Consumer Guarantees

Consumer Guarantees

Australian Consumer Law (ACL) requires businesses (suppliers) to provide consumers with certain guarantees for goods and service. However, consumer rights are not limitless and consumers are not always entitled to return goods or terminate services. This post will explore the circumstances in which businesses are required to provide consumers with a remedy and explain the benefit of implementing a clear returns policy which is compliant with the ACL.

If not managed properly, returns can have a negative impact on cash flow, profit margins, customer satisfaction, business reputation and future sales.

There are many reasons that a consumer may want to return their purchase or terminate a service and depending on the circumstances – the consumer may ask for a repair, replacement, refund or other remedy.

Businesses must be careful when dealing with returns and terminations to ensure that they are satisfying their responsibilities under the ACL and promoting customer satisfaction while also ensuring the ongoing viability of the business.

Consumer Guarantees

Under the ACL, there are guarantees which apply to the supply of goods and services to consumers (Consumer Guarantees). Consumer Guarantees include, for example:

  • The supplier guarantees they have the right to sell the goods;
  • The supplier and manufacturer guarantees the goods are of acceptable quality;
  • The supplier guarantees the goods are fit for any disclosed purpose;
  • The supplier and manufacturer guarantees the goods match their description;
  • The supplier guarantees the goods correspond with the sample or demo model;
  • The manufacturer that facilities for the repair of the goods, and parts for the goods, are reasonably available for a reasonable period after the goods are supplied unless otherwise agreed;
  • If applicable, the supplier and manufacturer guarantees the goods comply with any express warranty;
  • The supplier guarantees the services will be rendered with due care and skill;
  • The supplier guarantees the services will be fit for a particular or disclosed purpose; and
  • The supplier guarantees the services will be supplied within a reasonable time.

A consumer is defined in the ACL as a person who acquires goods and services for $40,000 or less, or for personal, domestic or household use or consumption, or for a vehicle or trailer acquired for use principally in the transport of goods on public roads. A person is not considered to be a consumer if they acquire goods for re-supply, to use or transform as part of a business in a process of production or manufacture, or repairing or treating other goods.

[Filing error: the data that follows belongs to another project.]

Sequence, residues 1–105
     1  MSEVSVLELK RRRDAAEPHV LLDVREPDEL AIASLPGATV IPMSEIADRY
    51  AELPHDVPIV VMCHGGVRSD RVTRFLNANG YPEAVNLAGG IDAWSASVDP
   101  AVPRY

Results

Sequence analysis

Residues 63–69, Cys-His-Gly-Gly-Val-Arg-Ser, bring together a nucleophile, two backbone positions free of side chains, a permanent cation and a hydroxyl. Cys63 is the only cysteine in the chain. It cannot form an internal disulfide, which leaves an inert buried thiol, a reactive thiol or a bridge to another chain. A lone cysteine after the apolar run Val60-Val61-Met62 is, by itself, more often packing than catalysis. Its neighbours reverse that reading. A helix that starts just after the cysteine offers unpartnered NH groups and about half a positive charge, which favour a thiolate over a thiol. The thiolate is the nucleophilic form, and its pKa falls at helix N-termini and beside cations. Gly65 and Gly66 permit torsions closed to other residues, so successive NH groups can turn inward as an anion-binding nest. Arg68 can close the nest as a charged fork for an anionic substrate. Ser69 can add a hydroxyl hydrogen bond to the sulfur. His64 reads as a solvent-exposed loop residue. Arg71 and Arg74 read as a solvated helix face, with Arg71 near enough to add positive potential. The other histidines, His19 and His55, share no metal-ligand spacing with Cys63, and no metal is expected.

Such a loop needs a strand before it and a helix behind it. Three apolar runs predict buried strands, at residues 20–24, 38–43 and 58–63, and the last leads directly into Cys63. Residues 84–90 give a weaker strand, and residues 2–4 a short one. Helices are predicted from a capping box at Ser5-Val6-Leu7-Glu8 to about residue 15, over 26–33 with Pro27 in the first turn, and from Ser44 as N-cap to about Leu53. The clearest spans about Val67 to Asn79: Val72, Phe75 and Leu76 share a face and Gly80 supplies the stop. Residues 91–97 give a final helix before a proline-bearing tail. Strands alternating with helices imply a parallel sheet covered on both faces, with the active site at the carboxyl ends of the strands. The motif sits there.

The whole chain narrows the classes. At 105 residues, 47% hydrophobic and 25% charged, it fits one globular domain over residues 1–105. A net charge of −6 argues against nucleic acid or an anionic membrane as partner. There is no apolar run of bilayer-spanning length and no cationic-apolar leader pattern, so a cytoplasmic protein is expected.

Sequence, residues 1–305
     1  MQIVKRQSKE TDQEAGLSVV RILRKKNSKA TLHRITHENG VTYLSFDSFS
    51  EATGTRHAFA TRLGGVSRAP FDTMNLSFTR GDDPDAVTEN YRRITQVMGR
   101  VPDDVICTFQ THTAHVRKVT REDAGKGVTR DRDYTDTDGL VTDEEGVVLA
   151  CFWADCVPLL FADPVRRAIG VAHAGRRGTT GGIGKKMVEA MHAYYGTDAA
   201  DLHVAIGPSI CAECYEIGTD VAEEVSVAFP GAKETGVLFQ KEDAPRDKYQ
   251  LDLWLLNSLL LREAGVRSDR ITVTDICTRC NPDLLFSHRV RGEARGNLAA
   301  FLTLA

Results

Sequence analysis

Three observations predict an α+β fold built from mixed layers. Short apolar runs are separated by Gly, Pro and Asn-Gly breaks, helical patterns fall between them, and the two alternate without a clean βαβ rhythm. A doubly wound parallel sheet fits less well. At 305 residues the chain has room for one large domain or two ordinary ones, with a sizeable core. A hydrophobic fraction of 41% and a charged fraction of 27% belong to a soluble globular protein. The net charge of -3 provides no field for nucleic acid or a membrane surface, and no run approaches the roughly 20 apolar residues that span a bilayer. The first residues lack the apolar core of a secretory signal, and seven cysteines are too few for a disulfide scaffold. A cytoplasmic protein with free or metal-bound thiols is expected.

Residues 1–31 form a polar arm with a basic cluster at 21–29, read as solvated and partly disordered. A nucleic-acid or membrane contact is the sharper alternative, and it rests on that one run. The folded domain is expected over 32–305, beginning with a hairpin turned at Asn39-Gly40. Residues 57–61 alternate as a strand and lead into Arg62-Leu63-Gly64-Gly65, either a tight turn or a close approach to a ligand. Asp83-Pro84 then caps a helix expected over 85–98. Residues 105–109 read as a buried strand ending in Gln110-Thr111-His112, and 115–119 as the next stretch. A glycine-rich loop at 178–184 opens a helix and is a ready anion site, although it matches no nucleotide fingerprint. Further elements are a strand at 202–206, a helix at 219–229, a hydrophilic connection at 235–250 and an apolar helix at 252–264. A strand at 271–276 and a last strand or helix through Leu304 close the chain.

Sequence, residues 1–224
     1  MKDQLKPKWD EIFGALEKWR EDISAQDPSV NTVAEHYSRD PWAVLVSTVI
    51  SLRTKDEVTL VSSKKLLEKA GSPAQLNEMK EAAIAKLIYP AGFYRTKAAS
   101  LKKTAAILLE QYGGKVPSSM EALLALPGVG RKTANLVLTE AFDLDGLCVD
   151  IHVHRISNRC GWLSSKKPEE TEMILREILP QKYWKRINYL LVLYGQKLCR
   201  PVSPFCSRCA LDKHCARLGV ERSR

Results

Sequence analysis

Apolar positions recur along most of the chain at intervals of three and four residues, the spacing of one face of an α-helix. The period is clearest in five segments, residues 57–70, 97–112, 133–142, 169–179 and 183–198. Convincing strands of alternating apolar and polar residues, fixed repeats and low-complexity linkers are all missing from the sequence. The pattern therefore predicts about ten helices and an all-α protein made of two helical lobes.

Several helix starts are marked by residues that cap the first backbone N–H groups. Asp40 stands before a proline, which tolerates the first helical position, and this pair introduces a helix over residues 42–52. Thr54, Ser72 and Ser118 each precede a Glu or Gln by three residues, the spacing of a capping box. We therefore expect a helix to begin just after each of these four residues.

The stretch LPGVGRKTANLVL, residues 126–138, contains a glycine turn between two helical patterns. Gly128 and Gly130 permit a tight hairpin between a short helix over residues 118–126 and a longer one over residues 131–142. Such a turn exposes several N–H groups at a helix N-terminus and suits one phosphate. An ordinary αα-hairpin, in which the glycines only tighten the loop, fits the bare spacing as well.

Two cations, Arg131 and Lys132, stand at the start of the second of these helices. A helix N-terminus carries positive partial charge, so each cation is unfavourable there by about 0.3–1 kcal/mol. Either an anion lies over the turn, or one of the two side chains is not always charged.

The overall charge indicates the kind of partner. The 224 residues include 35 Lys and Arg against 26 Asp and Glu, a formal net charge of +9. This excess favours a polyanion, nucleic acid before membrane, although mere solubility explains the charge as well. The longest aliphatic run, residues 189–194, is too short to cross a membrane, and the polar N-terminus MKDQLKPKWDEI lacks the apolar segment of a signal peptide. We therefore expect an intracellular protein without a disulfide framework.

Under the ACL, consumers have a right to ask for a repair, replacement, refund or other remedy if a business has failed to satisfy its obligations in relation to the Consumer Guarantees. Further, a consumer will be able to seek damages from a manufacturer in the instance where the manufacture fails to satisfy its guarantee obligations. If this is the case, the business from which the consumer purchased the good or service will be entitled to be indemnified by the manufacturer for its costs in remedying the issue.

It is important to note that consumers are not entitled to a remedy in every circumstance. For example, businesses are not obligated to offer a remedy under the ACL where the consumer simply changes their mind. However, for various reasons some businesses have a “change of mind” policy which allows consumers to return goods under certain terms if they change their mind. If this is the case, the business must abide by the policy.

Rights and Responsibilities

Industry Legal Group have developed a guide for businesses to use when a consumer asks for a repair, replacement, refund or other remedy for goods or services acquired form the business.

Download Industry Legal Group’s full article to view.

Other issues

The Australian Competition and Consumer Commission (ACCC) has a number of powers under the ACL including the power to issue significant infringement notices for alleged contraventions.

Further, if a business limits or attempts to exclude Consumer Guarantees or otherwise avoid its obligations it could receive a significant penalty for breaching the ACL, up to $1.1 million for a body corporate and $220,000 for an individual. Criminal penalties may also be imposed. An example of a breach includes “no refund” signs or statements are unlawful except where they are expressly limited to refunds or returns for change of mind.

Trading Terms and Return Policy

It is important that all businesses have well drafted trading terms and a returns policy which is clear and compliant with the legislation.

If drafted properly, these documents will provide a necessary level of protection for businesses against avoidable claims. They will also assist to educate consumers on the relevant terms and conditions as well inform the business of its rights and responsibilities.

Need assistance?

Industry Legal Group can provide clients with information and advice on consumer law matters, including preparation of trading terms, warranties and returns policies which are compliant with the ACL. Please contact Industry Legal Group on 1300 736 435 or info@industrylegalgroup.com.au if you have any question relating to this article or to discuss any consumer law issues that arise in your business.

This article is intended for information purposes only and should not be regarded as legal advice. Please contact Industry Legal Group for specific legal advice before taking any action.

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